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Pro-life Democrats Ben Nelson of Nebraska, Robert P. Casey Jr. of Pennsylvania and Joe Manchin III of West Virginia voted for the amendment, but some moderate Republicans expressed concern over the legislation’s sweeping language. Retiring Sen. Olympia J. Snowe of Maine voted against it, while her colleague Susan M. Collins supported it despite strong reservations.

Ms. Collins said she wrote a letter to the administration asking for clarification on whether religious employers who self-insure also would be exempt from the mandate — but the administration was vague in its response. The administration also has formally written the initial regulation into law but has not done the same for its proposed fixes.

“I do this with a lot of conflict, because I think the amendment does have its flaws,” she said. “But when the administration cannot even assure me that self-insured organizations’ religious freedoms are protected, I feel I have no choice.”

As the most vocal opponent against the contraception mandate, the U.S. Conference of Catholic Bishops vowed to continue opposing the rule and said it is looking to similar legislation that House Republicans have indicated they will advance.

“We will continue our strong defense of conscience rights through all available legal means,” said Bishop William E. Lori of Bridgeport, Conn. “Religious freedom is at the heart of democracy and rooted in the dignity of every human person. We will not rest until the protection of conscience rights is restored and the First Amendment is returned to its place of respect in the Bill of Rights.”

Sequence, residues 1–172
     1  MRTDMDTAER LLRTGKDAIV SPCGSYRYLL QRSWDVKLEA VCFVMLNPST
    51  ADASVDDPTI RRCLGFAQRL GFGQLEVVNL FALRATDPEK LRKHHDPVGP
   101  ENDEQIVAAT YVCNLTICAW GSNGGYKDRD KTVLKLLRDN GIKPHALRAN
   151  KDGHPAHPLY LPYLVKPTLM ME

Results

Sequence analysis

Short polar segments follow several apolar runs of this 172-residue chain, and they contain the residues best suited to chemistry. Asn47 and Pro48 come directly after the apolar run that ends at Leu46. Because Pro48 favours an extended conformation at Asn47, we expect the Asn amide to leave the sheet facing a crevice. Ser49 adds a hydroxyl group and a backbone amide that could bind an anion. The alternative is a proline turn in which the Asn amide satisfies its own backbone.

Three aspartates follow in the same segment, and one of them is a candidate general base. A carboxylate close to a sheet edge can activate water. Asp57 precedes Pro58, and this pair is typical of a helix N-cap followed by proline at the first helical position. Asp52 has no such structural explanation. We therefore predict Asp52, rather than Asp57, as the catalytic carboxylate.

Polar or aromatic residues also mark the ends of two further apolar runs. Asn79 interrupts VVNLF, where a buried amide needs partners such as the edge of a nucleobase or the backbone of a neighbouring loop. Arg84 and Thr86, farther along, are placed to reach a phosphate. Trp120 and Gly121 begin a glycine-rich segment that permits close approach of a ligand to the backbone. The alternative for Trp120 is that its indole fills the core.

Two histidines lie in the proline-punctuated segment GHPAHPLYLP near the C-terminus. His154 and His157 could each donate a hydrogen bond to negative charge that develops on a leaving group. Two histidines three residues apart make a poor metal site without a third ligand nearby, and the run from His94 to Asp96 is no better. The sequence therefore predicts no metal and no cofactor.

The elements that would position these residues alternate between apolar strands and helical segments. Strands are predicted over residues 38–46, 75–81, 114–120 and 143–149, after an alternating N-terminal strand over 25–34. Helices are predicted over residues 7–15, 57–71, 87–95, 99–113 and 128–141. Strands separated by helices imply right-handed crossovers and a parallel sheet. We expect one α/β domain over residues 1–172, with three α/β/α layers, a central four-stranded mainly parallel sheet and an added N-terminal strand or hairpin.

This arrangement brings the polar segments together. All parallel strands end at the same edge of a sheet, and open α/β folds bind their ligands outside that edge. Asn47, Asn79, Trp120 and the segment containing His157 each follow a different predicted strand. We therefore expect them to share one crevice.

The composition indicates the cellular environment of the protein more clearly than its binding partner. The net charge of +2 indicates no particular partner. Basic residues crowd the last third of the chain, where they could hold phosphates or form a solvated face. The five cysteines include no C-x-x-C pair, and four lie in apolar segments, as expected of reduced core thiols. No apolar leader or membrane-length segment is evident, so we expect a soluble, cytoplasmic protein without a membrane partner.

House Speaker John A. Boehner, Ohio Republican, promised eventual action on similar legislation, but didn’t set a timetable Thursday.

That left the issue to roil the political field, with parties and pressure groups on both sides of the aisle vowing to keep the issue at the forefront of public discussion until November.

“We know this is just an attempt in a series of attempts,” said Sen. Patty Murray, Washington Democrat. “We heard from Sen. Blunt today that they’re going to continue to move forward, to go after taking away the ability of women to make their own health care choices, particularly when it comes to contraceptives. We’re going to stand up, we’re going to fight back.”

Terry O’Neill, president of the National Organization for Women, vowed that “without question, the politicians who voted in favor of Blunt’s amendment — whether female or male, Republican or Democrat — will pay a price in the voting booth.”

The Republican presidential candidates have seized on the issue to cast doubt on Mr. Obama’s commitment to religious liberty. In a CNN presidential debate last month, former Massachusetts Gov. Mitt Romney said the mandate was a continuation of the president’s attack on religion.

“I don’t think we’ve seen in the history of this country the kind of attack on religious conscience, religious freedom, religious tolerance than we’ve seen under Barack Obama,” Mr. Romney said.

Marjorie Dannenfelser, president of the Susan B. Anthony List, which supports pro-life candidates, said, “There will be consequences in November for senators in tight races who voted to kill this amendment with the absurd reasoning that they are acting in the best interests of women. Undermining the religious liberty and conscience rights of women can never serve them.”

• Cheryl Wetzstein contributed to this report.